In order to prove witness tampering or obstruction, prosecutors have to establish that Trump acted with “corrupt intent” and meant to interfere with the investigative process.
3 major risks
Whiting laid out three scenarios in which Trump could be seen as trying to interfere in the process:
- Trump may be “creating a climate of fear” just by talking to witnesses, Whiting said. “He could be signalling that he’s keeping an eye on what people are saying, that he’s keeping track of it, and that there could be consequences.”
- Trump’s actions could be perceived as an attempt to affect witness testimony or “subtly shape what they’re saying and what their story is, even if it’s something like disagreeing with them or asking simple questions,” Whiting said. “That’s a huge risk.”
- Prosecutors may view Trump’s conversations with witnesses as part of an effort to “either get his own story in line with theirs, or help them shape their stories around his,” Whiting said.
“Now, none of these things may be happening, and you have to prove an intent to obstruct justice or interfere with witnesses,” Whiting added. “But that’s why lawyers tell you not to do it, and that’s why Mueller is interested in trying to figure out why he’s doing it.”
‘He can do whatever he wants, but it will be at his peril’
Trump slammed Comey and the Russia investigation on multiple occasions – and continues to do so – after Comey publicly confirmed the existence of the probe last March.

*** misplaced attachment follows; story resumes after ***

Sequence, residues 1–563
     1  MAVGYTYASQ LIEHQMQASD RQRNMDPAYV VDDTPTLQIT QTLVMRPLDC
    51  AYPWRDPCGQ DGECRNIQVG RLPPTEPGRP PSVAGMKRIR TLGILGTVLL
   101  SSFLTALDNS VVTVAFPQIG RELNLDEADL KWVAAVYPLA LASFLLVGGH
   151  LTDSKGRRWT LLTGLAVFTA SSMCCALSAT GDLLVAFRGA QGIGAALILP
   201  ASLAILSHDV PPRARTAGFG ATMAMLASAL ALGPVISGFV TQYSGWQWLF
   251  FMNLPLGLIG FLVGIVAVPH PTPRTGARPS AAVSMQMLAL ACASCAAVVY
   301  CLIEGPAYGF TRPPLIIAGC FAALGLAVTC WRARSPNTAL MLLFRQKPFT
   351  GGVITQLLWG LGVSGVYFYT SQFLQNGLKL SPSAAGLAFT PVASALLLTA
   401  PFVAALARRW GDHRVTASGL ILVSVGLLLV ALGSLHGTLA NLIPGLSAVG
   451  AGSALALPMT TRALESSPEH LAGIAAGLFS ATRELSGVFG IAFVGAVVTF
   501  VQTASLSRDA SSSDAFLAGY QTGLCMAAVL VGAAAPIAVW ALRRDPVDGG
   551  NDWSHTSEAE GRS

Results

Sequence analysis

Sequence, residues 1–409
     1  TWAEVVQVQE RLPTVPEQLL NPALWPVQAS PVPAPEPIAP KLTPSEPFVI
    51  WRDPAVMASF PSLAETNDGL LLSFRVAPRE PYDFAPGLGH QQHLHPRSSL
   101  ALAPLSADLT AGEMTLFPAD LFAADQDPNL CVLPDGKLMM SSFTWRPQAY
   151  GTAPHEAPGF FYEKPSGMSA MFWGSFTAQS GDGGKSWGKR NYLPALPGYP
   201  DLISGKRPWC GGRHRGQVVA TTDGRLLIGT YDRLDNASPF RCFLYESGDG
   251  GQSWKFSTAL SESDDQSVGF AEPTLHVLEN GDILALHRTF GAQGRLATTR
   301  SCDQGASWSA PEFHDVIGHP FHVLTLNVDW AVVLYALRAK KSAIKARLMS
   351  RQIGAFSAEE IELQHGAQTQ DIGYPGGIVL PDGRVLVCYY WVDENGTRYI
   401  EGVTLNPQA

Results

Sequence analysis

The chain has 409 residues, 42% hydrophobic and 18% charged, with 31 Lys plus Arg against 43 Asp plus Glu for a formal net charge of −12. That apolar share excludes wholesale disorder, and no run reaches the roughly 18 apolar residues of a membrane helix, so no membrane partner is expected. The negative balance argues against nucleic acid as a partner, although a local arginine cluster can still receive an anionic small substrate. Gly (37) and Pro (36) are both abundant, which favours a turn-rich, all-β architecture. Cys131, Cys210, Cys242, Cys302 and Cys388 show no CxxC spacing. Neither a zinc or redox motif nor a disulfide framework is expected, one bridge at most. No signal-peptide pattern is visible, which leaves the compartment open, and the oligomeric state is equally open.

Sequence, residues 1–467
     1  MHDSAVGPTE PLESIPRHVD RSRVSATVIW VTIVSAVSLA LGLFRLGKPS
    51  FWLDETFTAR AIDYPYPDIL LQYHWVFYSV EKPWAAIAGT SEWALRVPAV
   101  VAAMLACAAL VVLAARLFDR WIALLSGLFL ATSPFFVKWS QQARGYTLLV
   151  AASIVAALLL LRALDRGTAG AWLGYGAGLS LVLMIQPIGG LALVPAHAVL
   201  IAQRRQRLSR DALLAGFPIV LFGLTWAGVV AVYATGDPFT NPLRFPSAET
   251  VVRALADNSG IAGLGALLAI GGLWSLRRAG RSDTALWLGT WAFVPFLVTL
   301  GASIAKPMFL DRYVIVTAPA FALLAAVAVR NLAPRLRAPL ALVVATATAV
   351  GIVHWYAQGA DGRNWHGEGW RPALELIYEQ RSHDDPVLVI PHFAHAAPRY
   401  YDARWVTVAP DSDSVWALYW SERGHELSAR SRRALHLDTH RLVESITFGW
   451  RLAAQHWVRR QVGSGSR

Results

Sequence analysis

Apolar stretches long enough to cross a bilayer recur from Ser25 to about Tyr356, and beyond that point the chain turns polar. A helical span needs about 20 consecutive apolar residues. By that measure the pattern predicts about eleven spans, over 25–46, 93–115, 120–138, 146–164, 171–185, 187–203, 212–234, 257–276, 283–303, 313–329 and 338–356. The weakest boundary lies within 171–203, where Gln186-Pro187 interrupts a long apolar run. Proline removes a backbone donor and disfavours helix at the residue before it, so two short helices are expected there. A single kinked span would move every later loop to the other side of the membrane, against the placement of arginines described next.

After Trump fired Comey, the White House initially said the FBI director was dismissed because of the way he handled the bureau’s investigation into Hillary Clinton’s use of a private email server when she was secretary of state. But Trump later contradicted that statement on national television, telling NBC host Lester Holt “this Russia thing” was a factor in his decision.
He also reportedly told two top Russian officials during an Oval Office meeting that firing “nut job” Comey had taken “great pressure” off of him.
Meanwhile, Trump also reportedly tried to have Mueller fired last June, one month after Comey’s ouster, and only backed off when McGahn threatened to resign if he was forced to carry out Trump’s order.
Experts agree that it’s critical Trump refrain from publicly commenting on the Russia investigation.
But that rings doubly true when it comes to talking about the probe privately, because it could open Trump up to additional accusations of witness tampering. Andrew Wright, former President Barack Obama’s associate White House counsel, said that’s a “separate felony.”
“Criminal liability would turn on President Trump’s specific comments and context,” Wright said. “But whatever happened, it was apparently alarming enough that a witness’s lawyer felt compelled to disclose the President’s actions to Mueller.”
Whiting largely agreed.
“There’s a lot of smoke right now, but not yet fire,” he said. “Trump is where he is right now, in part, because he doesn’t follow anyone’s advice and thinks he knows better than everybody else. So he can do whatever he wants, but it will be at his peril because his conduct could ultimately contribute to a case against him.”